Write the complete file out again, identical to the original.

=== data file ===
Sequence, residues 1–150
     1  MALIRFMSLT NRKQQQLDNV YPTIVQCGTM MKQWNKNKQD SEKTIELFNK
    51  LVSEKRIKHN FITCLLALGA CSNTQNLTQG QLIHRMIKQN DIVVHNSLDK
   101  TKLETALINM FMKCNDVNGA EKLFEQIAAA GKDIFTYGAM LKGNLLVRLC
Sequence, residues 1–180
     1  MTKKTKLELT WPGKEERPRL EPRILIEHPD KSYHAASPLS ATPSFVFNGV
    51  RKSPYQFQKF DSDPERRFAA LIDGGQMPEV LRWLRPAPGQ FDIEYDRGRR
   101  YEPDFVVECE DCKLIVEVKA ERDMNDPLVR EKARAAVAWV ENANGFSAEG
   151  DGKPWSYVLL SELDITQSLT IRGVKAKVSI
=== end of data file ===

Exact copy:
Sequence, residues 1–150
     1  MALIRFMSLT NRKQQQLDNV YPTIVQCGTM MKQWNKNKQD SEKTIELFNK
    51  LVSEKRIKHN FITCLLALGA CSNTQNLTQG QLIHRMIKQN DIVVHNSLDK
   101  TKLETALINM FMKCNDVNGA EKLFEQIAAA GKDIFTYGAM LKGNLLVRLC
Sequence, residues 1–180
     1  MTKKTKLELT WPGKEERPRL EPRILIEHPD KSYHAASPLS ATPSFVFNGV
    51  RKSPYQFQKF DSDPERRFAA LIDGGQMPEV LRWLRPAPGQ FDIEYDRGRR
   101  YEPDFVVECE DCKLIVEVKA ERDMNDPLVR EKARAAVAWV ENANGFSAEG
   151  DGKPWSYVLL SELDITQSLT IRGVKAKVSI